Union Island is the furthest of the inhabited islands from St. Vincent. Viewed from a boat sailing south through the Grenadine chain, Union has a striking silhouette, with a volcanic peak, Mount Parnassus rising 300 meters above a coastline of long white sand beaches and small coves. The vegetation covering the steep slopes and valleys of the interior are more arid than St Vincent, but with each corner turned, its hiking trails still provide spectacular views. The main community, Clifton, is a busy port which is regularly serviced by the ferry to St. Vincent, yachts and fishing boats. It also has several locally run restaurants, shops and a market green. It is Union's distance from "the mainland" that has given it much of its character. Blue Grenadines, our personally owned concierge service firm, can arrange sail charters throughout the islands including Union Island.

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Happy Island
Happy Island is a man-made island in the middle of Clifton Harbour which serves as an oasis for rum lovers with a proclivity to 'liming' and is the brain-child of one man: Janti, who was volunteering to remove conch (or lambi as their known in the Grenadines) shells from the beaches of Union Island. He began piling the empty shells up on the reef in Clifton Harbour and before he knew it, visitors began using the conch pile as a make-shift bar. Within a few years, an awful lot of conch shells, some cement and a tremendous amount of work done almost solely by himself, had produced a Grenadines institution. The island is completely self-sufficient when it comes to energy which is entirely generated using solar panels and by harnessing the wind. There are often barbecues going on Friday nights and visitors are welcome almost any hour of the day since Janti and his wife actually live in the back of the bar!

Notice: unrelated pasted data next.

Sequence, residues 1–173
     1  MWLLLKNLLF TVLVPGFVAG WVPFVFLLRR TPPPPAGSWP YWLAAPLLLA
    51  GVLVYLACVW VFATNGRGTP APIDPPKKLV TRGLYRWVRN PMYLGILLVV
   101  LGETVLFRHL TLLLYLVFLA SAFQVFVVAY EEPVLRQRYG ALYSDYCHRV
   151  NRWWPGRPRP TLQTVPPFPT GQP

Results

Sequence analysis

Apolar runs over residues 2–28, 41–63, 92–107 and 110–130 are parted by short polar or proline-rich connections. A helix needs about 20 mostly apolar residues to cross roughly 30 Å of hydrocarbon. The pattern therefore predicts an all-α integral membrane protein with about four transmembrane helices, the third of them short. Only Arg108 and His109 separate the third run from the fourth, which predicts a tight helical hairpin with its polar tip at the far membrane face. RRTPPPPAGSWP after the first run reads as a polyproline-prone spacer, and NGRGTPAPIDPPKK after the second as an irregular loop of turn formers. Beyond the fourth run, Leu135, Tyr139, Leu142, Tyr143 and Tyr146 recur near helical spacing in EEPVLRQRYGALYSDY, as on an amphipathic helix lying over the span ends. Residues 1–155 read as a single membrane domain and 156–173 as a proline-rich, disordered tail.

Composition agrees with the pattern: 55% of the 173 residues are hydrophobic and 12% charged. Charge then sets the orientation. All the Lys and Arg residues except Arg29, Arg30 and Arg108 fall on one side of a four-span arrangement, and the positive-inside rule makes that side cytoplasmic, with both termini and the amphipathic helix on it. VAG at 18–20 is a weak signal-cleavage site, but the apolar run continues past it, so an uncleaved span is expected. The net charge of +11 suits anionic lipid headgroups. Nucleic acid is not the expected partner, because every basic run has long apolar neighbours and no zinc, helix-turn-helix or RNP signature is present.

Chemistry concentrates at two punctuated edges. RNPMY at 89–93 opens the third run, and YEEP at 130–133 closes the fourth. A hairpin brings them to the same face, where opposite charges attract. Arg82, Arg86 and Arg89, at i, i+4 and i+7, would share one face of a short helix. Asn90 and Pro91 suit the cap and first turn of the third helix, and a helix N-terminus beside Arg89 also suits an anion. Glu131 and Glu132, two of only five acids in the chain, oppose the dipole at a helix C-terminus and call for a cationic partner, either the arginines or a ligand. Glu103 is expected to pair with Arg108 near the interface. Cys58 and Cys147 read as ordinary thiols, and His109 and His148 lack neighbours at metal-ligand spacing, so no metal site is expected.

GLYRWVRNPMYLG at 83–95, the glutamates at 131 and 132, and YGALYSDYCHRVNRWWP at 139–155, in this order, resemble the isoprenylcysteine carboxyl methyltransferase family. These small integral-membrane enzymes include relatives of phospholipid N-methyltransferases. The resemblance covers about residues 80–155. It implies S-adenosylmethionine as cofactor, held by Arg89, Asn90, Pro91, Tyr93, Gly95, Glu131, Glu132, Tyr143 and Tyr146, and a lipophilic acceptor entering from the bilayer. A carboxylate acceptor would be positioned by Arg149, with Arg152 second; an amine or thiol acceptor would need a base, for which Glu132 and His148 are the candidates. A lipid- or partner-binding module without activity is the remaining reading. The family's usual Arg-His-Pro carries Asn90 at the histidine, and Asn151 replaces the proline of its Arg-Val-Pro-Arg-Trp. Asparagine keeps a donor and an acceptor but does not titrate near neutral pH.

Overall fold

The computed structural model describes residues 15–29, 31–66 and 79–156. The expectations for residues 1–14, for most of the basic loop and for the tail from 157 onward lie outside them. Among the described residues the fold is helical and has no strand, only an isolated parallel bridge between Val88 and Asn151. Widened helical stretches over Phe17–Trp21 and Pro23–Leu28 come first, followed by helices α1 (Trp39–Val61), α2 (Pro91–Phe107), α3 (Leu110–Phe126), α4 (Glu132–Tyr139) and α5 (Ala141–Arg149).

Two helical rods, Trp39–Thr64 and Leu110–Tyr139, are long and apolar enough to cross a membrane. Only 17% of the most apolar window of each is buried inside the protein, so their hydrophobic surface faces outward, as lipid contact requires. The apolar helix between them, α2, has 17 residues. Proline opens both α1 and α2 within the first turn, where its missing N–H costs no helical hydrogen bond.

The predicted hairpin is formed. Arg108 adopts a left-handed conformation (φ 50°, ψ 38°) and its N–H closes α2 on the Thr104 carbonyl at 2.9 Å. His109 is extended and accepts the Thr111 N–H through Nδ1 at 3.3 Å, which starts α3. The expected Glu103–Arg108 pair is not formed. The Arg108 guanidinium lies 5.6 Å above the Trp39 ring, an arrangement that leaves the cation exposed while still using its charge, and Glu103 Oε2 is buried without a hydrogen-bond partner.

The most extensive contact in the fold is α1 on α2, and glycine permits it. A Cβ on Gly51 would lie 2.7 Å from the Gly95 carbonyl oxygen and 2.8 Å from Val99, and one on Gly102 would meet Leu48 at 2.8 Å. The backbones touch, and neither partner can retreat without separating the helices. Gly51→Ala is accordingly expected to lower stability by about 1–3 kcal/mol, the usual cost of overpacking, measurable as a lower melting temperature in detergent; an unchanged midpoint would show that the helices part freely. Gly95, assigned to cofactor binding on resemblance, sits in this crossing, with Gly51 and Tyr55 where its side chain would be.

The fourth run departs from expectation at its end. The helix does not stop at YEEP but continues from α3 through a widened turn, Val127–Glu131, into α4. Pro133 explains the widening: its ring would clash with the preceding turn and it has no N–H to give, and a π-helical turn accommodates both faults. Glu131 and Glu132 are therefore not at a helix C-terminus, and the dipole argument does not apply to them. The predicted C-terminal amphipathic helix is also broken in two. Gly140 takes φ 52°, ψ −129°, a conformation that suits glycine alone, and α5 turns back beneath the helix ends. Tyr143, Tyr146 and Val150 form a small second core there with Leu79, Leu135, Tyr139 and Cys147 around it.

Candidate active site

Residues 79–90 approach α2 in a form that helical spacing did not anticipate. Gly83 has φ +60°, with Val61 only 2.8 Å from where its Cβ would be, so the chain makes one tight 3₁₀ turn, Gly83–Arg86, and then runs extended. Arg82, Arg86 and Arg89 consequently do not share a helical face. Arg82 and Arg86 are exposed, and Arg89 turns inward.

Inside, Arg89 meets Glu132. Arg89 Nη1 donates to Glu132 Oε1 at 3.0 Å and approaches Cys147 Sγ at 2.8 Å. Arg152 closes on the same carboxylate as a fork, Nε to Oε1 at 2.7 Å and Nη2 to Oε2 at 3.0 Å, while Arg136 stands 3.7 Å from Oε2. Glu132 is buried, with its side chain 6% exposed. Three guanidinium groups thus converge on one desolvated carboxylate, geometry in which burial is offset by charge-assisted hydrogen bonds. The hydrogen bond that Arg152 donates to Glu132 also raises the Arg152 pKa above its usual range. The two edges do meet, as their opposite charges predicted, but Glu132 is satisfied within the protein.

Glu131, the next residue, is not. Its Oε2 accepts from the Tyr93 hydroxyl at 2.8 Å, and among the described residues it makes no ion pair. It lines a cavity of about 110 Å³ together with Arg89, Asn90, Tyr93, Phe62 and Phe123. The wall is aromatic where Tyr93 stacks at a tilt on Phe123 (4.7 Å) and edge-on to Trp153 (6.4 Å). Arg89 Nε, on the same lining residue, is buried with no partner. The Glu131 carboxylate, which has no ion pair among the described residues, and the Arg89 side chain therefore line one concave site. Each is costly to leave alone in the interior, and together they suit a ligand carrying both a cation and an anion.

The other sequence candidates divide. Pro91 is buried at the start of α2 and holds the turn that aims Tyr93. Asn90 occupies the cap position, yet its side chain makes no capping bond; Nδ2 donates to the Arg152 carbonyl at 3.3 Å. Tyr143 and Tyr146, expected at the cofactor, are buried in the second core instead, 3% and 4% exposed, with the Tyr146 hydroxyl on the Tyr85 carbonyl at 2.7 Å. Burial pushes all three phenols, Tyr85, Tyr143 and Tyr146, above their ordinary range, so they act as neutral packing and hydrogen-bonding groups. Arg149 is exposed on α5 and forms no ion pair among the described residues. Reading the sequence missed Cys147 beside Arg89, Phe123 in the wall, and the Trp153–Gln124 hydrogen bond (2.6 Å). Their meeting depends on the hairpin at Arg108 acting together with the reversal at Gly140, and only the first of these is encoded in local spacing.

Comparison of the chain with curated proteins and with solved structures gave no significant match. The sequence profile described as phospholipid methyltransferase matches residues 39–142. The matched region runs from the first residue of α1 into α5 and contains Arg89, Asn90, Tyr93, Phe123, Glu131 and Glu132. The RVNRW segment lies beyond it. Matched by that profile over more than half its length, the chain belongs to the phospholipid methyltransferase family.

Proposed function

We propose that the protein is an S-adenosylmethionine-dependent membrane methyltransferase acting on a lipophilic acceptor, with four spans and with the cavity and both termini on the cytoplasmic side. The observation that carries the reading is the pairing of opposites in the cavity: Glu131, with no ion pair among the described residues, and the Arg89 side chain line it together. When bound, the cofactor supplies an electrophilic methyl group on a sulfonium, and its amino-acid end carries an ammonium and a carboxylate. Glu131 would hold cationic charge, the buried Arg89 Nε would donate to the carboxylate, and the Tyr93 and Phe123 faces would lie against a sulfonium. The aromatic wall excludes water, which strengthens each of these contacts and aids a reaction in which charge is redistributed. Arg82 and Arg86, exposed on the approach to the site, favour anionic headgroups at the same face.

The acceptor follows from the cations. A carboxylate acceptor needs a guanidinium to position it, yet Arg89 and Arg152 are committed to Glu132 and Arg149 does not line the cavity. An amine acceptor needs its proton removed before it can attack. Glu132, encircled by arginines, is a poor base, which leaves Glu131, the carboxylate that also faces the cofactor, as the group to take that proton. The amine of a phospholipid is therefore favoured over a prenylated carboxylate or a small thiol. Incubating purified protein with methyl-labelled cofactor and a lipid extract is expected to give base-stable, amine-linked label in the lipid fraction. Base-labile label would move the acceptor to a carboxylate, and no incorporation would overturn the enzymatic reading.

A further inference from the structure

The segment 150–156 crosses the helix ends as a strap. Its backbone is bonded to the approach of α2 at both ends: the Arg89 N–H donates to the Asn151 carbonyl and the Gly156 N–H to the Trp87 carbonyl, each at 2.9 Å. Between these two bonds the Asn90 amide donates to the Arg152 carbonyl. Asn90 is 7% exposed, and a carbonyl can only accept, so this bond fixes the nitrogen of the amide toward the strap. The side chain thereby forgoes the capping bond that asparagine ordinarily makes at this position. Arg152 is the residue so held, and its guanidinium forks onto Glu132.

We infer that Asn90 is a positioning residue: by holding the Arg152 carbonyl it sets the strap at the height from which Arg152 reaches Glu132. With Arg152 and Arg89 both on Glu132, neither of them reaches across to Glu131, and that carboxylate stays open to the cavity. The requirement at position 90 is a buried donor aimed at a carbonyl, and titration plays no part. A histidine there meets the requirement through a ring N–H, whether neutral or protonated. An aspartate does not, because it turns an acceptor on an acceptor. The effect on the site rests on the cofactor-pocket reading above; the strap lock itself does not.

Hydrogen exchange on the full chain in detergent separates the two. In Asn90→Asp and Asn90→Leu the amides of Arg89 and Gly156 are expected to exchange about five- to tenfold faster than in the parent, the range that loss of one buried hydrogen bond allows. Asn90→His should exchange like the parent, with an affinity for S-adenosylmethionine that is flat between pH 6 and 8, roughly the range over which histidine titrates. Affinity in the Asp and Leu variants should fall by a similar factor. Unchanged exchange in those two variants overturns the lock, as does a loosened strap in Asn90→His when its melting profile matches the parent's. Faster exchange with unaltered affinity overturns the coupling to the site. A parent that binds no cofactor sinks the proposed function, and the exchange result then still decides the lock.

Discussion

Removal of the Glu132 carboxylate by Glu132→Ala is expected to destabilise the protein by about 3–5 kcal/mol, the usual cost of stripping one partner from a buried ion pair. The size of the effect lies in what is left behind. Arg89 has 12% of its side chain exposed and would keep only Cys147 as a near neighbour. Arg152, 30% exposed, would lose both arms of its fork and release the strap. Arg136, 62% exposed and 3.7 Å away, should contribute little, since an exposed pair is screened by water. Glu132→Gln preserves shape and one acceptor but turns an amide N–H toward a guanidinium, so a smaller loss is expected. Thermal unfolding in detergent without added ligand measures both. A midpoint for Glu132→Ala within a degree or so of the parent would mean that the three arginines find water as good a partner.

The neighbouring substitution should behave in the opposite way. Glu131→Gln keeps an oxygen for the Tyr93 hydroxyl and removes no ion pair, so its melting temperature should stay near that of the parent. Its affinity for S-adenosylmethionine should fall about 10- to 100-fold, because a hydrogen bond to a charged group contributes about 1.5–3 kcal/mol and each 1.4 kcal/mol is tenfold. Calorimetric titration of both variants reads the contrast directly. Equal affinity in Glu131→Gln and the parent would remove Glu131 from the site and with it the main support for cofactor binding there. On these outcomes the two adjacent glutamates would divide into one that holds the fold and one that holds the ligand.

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Mopion